Volume 5 - Issue 1 : Resolved: Change the World, Dave Hingsburger, 1 January 2016
New Year’s, for many, is a time when resolutions are made and, usually quickly thereafter, broken. Even so, some do succeed. Some make a decision, stick to it, and change their lives. This issue begins our 5th year of publication and, in talking about it, Angie and I decided to mark this milestone by telling you three stories. Each of these stories will illustrate how we all, in our work with people with disabilities, can, if we choose to, change the world. We can have an impact that is much greater than we imagine and, if we put our minds together and act as a group purposefully, what we achieve can be nothing less than world changing ... 
Volume 5 - Issue 2: Let's talk... about mental health and developmental disabilitiesYona Lunsky,   Rob Balogh, Kristin Dobranowski,  Avra Selick,  Elizabeth Lin, 1st February 2016
The Bell Let’s Talk campaign suggests 5 ways to end the stigma around mental illness: • language matters, • educate yourself, • be kind, • listen and ask, and • talk about it ...
Service Support and Success is well worth the (free) subscription or a bookmark if you work with or are interested in supporting people with intellectual disability.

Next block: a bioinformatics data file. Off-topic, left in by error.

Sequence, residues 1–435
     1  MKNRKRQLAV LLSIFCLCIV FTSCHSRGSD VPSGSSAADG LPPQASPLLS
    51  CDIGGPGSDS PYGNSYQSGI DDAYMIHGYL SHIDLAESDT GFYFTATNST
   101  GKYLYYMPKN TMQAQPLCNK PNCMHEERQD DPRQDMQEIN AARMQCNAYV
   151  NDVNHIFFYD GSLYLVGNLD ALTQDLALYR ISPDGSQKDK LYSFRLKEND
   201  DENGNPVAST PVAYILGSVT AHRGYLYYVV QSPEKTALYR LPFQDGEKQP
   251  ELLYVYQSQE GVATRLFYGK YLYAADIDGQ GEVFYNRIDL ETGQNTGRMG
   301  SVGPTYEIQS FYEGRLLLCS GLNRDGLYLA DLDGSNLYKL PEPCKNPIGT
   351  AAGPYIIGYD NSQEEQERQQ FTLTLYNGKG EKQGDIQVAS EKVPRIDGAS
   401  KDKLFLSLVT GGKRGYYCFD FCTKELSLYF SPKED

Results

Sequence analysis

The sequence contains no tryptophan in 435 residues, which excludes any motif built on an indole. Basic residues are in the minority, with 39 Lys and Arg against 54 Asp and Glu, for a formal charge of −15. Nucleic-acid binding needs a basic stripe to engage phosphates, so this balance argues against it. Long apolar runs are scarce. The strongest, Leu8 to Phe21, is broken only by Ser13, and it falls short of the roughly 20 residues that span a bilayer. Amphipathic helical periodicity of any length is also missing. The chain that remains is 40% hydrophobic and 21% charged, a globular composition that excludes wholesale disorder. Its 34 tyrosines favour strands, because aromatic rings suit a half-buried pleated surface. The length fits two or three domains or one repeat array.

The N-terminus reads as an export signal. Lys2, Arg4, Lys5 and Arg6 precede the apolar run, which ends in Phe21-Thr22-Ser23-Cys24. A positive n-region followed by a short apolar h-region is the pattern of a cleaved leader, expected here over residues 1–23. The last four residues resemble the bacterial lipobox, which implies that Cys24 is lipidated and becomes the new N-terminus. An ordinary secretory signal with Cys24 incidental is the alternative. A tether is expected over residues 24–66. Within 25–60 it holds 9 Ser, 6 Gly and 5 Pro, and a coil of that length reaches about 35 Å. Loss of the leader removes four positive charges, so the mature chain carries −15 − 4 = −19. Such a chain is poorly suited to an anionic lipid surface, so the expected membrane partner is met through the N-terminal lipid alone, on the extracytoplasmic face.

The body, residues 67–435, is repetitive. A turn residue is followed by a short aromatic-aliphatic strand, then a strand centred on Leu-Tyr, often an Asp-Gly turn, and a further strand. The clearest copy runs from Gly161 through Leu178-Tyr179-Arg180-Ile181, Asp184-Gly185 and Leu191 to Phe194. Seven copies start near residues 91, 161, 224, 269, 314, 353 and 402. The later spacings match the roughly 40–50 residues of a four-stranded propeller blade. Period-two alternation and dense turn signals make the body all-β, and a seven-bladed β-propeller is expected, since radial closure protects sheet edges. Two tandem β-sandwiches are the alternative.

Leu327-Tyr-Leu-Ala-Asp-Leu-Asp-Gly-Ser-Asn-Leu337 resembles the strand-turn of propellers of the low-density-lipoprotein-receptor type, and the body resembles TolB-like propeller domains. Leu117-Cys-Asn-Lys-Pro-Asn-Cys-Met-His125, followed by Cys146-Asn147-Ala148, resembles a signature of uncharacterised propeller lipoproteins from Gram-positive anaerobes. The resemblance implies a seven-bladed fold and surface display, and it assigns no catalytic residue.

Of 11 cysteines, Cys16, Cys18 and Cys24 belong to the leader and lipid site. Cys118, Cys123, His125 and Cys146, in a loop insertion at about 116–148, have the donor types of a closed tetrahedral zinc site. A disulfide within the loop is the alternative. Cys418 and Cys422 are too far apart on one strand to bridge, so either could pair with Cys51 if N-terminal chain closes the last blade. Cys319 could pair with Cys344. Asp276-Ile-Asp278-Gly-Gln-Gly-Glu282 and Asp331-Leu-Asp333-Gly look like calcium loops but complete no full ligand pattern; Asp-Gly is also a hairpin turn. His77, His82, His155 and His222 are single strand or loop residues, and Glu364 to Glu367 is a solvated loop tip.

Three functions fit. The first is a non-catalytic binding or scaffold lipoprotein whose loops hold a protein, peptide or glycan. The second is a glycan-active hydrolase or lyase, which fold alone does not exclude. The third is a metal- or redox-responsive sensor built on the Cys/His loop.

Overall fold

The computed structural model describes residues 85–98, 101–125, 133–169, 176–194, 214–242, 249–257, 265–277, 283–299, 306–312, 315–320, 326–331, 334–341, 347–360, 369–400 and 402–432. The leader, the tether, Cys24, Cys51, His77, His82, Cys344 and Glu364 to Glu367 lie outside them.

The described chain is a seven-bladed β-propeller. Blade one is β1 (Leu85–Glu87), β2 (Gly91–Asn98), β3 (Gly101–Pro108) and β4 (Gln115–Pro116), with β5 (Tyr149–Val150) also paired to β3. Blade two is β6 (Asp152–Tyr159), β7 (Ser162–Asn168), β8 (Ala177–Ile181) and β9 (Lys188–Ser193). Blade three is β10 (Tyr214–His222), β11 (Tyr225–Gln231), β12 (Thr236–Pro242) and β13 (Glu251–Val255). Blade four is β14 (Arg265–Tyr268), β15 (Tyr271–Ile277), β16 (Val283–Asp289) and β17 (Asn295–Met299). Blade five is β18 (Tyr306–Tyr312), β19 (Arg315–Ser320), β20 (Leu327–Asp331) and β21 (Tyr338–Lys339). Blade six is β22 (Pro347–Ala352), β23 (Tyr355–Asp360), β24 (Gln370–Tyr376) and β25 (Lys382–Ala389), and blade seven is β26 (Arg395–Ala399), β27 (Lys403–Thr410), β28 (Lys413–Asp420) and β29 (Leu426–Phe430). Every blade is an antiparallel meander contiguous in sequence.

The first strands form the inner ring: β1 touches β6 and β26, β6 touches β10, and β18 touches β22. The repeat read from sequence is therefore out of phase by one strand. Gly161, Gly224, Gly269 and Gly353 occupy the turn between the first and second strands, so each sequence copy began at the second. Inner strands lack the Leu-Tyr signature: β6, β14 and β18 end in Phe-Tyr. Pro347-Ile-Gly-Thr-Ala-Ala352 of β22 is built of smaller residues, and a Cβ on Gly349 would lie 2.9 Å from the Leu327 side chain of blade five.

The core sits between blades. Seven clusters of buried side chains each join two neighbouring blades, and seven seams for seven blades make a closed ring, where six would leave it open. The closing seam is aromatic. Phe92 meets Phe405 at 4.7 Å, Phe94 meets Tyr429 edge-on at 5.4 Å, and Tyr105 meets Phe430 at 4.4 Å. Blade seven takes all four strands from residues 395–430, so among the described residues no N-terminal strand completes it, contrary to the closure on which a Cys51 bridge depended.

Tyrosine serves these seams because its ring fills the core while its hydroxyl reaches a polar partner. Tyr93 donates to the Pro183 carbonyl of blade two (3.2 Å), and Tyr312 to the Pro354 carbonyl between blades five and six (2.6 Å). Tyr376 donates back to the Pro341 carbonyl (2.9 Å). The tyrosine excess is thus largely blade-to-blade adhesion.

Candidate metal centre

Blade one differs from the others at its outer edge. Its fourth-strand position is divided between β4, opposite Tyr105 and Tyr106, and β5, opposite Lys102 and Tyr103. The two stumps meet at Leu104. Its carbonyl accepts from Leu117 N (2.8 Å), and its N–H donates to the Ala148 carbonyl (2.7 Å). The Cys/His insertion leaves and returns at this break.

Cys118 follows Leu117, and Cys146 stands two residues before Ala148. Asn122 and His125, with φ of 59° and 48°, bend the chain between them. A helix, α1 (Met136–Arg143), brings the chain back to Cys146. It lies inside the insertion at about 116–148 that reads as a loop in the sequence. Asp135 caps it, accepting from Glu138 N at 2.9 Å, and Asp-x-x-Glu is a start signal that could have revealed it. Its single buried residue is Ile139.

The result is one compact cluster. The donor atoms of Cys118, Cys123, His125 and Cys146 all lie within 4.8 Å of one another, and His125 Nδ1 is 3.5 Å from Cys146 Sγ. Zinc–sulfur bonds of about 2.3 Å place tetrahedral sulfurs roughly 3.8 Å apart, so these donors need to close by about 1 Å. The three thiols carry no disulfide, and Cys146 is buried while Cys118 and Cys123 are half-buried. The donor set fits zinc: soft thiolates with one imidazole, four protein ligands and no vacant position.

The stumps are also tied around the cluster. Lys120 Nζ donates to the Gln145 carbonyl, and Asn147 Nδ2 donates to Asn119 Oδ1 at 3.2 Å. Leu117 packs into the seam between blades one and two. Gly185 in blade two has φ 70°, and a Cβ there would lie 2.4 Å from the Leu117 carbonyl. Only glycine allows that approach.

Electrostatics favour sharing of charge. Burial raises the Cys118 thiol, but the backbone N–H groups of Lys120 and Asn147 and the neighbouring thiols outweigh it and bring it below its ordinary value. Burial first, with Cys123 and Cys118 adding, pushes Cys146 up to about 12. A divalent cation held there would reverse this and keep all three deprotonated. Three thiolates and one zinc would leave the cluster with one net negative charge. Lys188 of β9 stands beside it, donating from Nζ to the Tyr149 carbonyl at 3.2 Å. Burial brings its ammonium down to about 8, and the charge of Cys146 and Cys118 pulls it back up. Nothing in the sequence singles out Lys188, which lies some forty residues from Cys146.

Friday, 5 February 2016

Weekend reading and viewing: 6 - 7 February 2016

Let me tell you how I feel
Kelle Hampton, Enjoying the Small Things, 2 February 2016
... A comment: “JFC. Why is it always about how YOU feel? Whenever you discuss Nella and her diagnosis, it’s always about how YOU feel about the challenges; not her. It says a lot.”

I don’t usually respond to troll comments, but this topic! ...

The Problem With Disney Princess Makeovers — Yes, Even This One
Elizabeth Kiefer, Refinery 29, 1 February 2016
While all of the looks the stylist team created for Maddy turned out beautifully — each and every character-inspired shot is spot-on — I still can't help but wish we were simply looking at Maddy herself, not Maddy reimagined as someone else ...

What New York Magazine got wrong about intellectual disability
Bloom, 29 January 2016
... one statement in the piece never should have made its way past a fact-checker. In talking about whether intellectually disabled women can raise their children, the author writes: “one of the signs of intellectual disability is a limited capacity for empathy.” ...

Should I send my child to a special school? Our path to inclusion
Catia Malaquias, Starting with Julius, 4 February 2016
... “Tell me what ‘special needs’ Julius has? I don’t think he has any. He has the same needs as any child … to be loved, fed, clothed, sheltered and educated – he might need a bit more help with having some of those needs met, but there is nothing ‘special’ about them, they are regular human needs.” ...

Rainbow Bridge Social Club launching in Sydney

From My Choice Matters - The NSW Consumer Development Fund 3 February 2016:
Rainbow Bridge Social Club is a social club for same-sex attracted young people with intellectual disability. Charitha and his mum are launching it as part of their Run Project, working with Twenty10 to make it happen.